9. Bernal, Raquel & Keane, Michael P., 2010. "Quasi-structural estimation of a model of childcare choices and child cognitive ability production," Journal of Econometrics, Elsevier, vol. 156(1), pages 164-189, May.
    10. Cameron,A. Colin & Trivedi,Pravin K., 2005. "Microeconometrics," Cambridge Books, Cambridge University Press, number 9780521848053, October.
    11. Raquel Bernal, 2008. "The Effect Of Maternal Employment And Child Care On Children'S Cognitive Development," International Economic Review, Department of Economics, University of Pennsylvania and Osaka University Institute of Social and Economic Research Association, vol. 49(4), pages 1173-1209, November.
    12. Liu Qian & Skans Oskar Nordstrom, 2010. "The Duration of Paid Parental Leave and Children's Scholastic Performance," The B.E. Journal of Economic Analysis & Policy, De Gruyter, vol. 10(1), pages 1-35, January.
    13. Baker, Michael & Milligan, Kevin, 2008. "Maternal employment, breastfeeding, and health: Evidence from maternity leave mandates," Journal of Health Economics, Elsevier, vol. 27(4), pages 871-887, July.
    14. Michael Baker & Kevin Milligan, 2010. "Evidence from Maternity Leave Expansions of the Impact of Maternal Care on Early Child Development," Journal of Human Resources, University of Wisconsin Press, vol. 45(1).
    15. Rasmussen, Astrid Würtz, 2010. "Increasing the length of parents' birth-related leave: The effect on children's long-term educational outcomes," Labour Economics, Elsevier, vol. 17(1), pages 91-100, January.
    16. James Heckman & Seong Hyeok Moon & Rodrigo Pinto & Peter Savelyev & Adam Yavitz, 2010. "Analyzing social experiments as implemented: A reexamination of the evidence from the HighScope Perry Preschool Program," Quantitative Economics, Econometric Society, vol. 1(1), pages 1-46, July.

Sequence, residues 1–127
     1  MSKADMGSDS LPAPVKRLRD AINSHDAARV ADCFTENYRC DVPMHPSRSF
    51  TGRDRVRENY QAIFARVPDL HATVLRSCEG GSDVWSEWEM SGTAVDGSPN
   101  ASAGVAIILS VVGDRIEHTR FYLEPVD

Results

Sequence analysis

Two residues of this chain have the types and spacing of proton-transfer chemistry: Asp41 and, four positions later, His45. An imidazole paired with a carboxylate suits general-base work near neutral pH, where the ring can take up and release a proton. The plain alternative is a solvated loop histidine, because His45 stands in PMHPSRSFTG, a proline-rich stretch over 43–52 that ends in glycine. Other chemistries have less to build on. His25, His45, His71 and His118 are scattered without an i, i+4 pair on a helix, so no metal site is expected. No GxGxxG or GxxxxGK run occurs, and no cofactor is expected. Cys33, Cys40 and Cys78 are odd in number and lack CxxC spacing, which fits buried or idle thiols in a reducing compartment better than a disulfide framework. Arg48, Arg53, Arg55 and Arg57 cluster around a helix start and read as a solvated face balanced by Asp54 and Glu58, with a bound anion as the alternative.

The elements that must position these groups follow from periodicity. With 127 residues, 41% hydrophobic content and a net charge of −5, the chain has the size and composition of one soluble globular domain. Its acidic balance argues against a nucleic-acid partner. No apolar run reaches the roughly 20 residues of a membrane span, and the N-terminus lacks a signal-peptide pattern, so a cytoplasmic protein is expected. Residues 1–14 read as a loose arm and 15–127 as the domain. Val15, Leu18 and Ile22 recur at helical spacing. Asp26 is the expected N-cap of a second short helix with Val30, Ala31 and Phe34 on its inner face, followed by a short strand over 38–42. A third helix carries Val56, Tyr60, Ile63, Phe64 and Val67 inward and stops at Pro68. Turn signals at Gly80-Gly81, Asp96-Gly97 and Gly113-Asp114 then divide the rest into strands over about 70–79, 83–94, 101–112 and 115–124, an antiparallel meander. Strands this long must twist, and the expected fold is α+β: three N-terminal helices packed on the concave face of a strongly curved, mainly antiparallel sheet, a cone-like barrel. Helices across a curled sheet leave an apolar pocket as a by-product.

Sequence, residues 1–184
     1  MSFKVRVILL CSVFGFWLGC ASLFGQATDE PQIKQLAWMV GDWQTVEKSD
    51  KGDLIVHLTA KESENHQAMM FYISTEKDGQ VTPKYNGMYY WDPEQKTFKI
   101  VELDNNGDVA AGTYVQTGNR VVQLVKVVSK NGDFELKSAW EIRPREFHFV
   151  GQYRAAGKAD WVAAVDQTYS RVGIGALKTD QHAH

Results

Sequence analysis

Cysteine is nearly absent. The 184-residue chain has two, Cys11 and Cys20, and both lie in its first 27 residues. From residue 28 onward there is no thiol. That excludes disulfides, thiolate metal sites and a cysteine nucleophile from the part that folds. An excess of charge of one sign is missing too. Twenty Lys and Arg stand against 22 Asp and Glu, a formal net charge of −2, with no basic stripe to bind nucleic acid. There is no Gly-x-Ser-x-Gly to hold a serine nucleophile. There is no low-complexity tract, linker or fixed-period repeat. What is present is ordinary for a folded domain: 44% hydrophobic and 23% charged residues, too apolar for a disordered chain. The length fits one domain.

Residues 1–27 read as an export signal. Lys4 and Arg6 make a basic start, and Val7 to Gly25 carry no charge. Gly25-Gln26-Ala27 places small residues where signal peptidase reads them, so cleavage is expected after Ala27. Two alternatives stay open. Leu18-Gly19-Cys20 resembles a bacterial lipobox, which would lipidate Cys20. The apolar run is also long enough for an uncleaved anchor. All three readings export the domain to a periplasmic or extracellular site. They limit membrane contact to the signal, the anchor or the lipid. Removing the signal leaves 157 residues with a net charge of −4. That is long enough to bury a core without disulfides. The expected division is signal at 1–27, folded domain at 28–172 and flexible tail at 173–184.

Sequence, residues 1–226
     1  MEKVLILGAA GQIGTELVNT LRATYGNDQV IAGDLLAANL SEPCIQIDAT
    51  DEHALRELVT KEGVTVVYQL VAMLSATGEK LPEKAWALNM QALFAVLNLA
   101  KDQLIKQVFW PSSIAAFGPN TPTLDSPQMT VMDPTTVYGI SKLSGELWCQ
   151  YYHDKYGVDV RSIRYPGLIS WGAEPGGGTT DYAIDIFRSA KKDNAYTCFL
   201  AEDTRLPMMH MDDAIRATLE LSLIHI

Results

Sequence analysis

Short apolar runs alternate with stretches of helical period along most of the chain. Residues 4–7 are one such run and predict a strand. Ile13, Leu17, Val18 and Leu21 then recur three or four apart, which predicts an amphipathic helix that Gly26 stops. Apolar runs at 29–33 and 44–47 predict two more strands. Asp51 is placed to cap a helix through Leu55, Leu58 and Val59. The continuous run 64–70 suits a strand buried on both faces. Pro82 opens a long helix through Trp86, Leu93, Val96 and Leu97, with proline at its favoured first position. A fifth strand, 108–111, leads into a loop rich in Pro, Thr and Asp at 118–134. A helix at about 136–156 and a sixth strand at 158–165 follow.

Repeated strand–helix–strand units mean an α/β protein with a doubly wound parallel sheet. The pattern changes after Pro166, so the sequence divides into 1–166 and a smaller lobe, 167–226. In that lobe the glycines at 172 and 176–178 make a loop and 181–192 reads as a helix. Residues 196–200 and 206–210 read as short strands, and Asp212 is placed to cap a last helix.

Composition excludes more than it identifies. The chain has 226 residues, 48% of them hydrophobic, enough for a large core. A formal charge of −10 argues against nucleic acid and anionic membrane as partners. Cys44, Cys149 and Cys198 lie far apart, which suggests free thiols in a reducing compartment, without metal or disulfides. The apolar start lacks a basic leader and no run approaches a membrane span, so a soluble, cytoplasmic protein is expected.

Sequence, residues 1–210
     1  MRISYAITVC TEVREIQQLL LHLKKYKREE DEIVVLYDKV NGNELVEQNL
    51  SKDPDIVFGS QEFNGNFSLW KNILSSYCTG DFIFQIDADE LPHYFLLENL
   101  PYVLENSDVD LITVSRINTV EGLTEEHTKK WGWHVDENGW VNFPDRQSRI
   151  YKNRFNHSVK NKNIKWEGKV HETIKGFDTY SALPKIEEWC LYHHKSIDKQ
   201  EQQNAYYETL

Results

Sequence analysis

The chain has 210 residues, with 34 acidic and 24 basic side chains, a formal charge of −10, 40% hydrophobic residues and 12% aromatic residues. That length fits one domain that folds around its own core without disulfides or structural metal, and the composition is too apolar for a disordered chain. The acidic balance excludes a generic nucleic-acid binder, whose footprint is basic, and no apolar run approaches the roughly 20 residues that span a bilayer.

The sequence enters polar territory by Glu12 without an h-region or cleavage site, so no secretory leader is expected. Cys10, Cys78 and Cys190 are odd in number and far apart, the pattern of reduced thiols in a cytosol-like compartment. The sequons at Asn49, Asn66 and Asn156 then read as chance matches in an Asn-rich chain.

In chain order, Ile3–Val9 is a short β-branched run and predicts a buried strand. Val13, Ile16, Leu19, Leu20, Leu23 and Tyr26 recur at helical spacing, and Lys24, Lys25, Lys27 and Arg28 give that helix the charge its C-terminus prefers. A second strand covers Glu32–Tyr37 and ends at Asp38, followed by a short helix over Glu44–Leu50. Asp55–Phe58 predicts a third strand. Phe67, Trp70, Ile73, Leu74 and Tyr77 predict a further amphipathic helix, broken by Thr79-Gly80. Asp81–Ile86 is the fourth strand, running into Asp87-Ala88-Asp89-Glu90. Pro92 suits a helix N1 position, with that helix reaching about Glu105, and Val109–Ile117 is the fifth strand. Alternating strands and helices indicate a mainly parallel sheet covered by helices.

17. Schönberg, Uta & Ludsteck, Johannes, 2007. "Maternity Leave Legislation, Female Labor Supply, and the Family Wage Gap," IZA Discussion Papers 2699, Institute of Labor Economics (IZA).
    18. Gans, Joshua S. & Leigh, Andrew, 2009. "Born on the first of July: An (un)natural experiment in birth timing," Journal of Public Economics, Elsevier, vol. 93(1-2), pages 246-263, February.
    19. Gruber, Jonathan, 1994. "The Incidence of Mandated Maternity Benefits," American Economic Review, American Economic Association, vol. 84(3), pages 622-641, June.
    20. Hahn, Jinyong & Todd, Petra & Van der Klaauw, Wilbert, 2001. "Identification and Estimation of Treatment Effects with a Regression-Discontinuity Design," Econometrica, Econometric Society, vol. 69(1), pages 201-209, January.
    21. Ronsen, Marit & Sundstrom, Marianne, 1996. "Maternal Employment in Scandinavia: A Comparison of the After-Birth Employment Activity of Norwegian and Swedish Women," Journal of Population Economics, Springer;European Society for Population Economics, vol. 9(3), pages 267-285, August.
    Full references (including those not matched with items on IDEAS)

    Citations

    Blog mentions

    As found by EconAcademics.org, the blog aggregator for Economics research:
    1. A Flying Start? Long Term Consequences of Maternal Time Investments in Children During Their First Year of Life